05 November 2006

Data rape

Labour faces further accusations of ‘Big Brother’ tactics over claims that the police and security services will be able to access anyone’s medical records. Highly sensitive information on mental illness, abortions, pregnancy, HIV status, drug-taking and alcoholism will be stored on a national NHS computer database from as early as next year. The plans, part of the Government’s troubled £20 billion NHS computer programme, have been condemned as ‘data rape’ by civil liberty campaigners. At present, police can persuade GPs to divulge facts about their patients or insist on a court order. But under the new system, data would be disclosed centrally and anonymously at the touch of a button.

At the moment, 50 million confidential patient files are held on paper by family doctors. These will soon be loaded on to a central computer system called Spine – whether patients agree or not. Dr Richard Vautrey, from the British Medical Association, warned: ‘If patients don’t have confidence in the national IT system and the way the information is revealed, then they will be reluctant to share those details and that will undermine the confidence they have in their GPs.’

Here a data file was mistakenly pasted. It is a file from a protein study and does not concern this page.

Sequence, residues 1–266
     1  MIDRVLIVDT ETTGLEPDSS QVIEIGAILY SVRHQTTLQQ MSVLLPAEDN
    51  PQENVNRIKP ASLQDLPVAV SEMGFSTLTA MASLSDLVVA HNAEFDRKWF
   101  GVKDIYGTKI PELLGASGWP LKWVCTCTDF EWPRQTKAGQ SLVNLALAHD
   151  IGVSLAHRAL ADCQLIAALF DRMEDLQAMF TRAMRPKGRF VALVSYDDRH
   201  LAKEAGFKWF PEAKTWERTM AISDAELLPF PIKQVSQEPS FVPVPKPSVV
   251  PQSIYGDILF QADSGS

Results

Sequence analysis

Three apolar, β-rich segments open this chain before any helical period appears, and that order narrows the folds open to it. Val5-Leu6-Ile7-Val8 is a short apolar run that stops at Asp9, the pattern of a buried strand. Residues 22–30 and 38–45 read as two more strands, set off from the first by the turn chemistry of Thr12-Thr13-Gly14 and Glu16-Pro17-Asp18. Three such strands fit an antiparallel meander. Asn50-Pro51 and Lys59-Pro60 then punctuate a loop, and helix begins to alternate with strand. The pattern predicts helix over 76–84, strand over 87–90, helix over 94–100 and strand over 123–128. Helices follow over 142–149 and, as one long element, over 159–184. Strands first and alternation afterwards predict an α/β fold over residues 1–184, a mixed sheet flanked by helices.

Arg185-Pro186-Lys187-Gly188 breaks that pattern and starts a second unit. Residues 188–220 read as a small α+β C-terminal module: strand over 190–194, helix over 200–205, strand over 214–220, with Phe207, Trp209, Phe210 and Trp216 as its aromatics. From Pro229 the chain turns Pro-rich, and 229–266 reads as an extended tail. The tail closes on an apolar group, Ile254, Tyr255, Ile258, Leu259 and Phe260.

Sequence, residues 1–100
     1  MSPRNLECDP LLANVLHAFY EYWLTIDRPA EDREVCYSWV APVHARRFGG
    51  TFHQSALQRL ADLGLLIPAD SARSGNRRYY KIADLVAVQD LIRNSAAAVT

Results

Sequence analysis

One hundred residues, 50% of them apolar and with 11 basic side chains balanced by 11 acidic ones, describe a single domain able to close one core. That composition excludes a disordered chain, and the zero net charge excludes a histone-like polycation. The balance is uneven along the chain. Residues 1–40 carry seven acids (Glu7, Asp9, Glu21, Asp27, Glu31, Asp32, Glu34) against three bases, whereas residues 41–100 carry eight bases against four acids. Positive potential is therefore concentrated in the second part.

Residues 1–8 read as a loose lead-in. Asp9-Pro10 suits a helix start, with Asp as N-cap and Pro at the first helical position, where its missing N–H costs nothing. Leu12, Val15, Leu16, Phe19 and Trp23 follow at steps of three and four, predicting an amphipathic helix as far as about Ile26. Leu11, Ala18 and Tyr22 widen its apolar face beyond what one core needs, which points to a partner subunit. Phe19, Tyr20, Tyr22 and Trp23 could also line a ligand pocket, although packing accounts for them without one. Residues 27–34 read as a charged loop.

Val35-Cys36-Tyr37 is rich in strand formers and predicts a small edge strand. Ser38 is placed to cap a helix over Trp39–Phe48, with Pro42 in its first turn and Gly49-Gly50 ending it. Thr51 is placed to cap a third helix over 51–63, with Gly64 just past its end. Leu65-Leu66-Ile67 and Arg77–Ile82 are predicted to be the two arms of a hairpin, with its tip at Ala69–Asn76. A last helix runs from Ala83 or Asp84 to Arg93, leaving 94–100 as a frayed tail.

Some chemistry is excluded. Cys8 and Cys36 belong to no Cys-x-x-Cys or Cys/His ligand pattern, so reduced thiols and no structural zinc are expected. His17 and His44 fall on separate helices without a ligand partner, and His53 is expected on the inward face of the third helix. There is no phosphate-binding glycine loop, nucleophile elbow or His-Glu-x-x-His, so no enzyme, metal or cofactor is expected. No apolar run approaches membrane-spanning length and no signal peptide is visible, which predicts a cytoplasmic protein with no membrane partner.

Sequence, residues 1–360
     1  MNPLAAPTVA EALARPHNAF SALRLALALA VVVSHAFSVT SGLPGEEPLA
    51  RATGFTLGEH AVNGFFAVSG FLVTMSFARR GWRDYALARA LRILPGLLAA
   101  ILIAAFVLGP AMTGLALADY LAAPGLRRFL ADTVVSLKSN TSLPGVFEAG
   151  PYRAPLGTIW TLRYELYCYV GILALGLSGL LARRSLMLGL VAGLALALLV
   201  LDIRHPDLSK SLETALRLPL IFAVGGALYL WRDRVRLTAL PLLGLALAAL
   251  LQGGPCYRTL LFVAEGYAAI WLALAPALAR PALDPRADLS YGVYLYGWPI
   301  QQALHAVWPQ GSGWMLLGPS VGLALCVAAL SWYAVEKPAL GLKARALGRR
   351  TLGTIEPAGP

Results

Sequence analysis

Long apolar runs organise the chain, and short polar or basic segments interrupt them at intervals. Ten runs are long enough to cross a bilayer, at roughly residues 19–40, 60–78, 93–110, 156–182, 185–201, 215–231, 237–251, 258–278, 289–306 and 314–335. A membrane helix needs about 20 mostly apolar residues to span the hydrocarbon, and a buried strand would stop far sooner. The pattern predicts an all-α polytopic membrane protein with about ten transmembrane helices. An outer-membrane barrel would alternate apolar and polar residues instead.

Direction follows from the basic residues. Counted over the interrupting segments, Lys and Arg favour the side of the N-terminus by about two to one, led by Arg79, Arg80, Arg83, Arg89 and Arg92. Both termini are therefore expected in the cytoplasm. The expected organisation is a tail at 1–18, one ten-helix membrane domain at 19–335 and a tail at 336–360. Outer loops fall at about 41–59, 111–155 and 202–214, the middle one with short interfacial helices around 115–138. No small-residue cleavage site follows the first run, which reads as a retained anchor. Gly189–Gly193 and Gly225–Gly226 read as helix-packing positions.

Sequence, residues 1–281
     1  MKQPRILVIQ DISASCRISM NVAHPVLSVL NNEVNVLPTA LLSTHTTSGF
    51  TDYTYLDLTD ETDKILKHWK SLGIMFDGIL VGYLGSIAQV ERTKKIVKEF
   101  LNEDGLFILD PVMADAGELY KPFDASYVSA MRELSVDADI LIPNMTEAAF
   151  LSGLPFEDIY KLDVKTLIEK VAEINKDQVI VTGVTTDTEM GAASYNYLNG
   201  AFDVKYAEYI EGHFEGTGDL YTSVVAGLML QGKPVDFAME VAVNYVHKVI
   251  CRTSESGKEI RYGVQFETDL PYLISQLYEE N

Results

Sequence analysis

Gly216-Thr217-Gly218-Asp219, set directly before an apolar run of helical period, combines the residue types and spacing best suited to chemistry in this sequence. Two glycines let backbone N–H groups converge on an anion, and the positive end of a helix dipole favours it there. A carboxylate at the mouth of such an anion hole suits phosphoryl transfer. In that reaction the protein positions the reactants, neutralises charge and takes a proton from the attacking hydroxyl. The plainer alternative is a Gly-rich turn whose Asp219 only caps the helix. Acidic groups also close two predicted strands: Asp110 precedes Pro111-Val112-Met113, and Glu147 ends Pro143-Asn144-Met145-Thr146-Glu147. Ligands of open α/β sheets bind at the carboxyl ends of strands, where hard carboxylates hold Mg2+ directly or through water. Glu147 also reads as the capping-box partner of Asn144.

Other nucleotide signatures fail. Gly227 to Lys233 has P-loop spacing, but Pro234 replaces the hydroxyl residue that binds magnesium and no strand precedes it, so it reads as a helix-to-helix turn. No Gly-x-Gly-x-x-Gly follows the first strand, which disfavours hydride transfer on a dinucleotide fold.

(Daily Mail, 2 November 2006)
Does anybody have ‘confidence’ in their GPs now? Well, more fool they. It has always been the case that what you told to your GP in ‘confidence’ would be freely transmitted to any other member of the medical Mafia, only not to people outside it (though even that was no doubt violated). I have been told various things about other people which were allegedly passed on by their doctors.

And, of course, confidentiality towards other doctors was what was most important to you, because if you got fed up with your GP’s refusal to let you have what you wanted, you would want to be able to start completely afresh with another socially authorised oppressor of humanity.

Even if it was pretty certain that he would think in exactly the same way as the GP from whom you wished to release yourself, at least you wanted to be sure that previous interpretations and misinterpretations would not be passed on, but that you could at least start afresh with presenting your own case in the most favourable way to a tabula rasa, even if it was a tabula rasa with the same basically sadistic psychology and motivation, combined with an equally low IQ.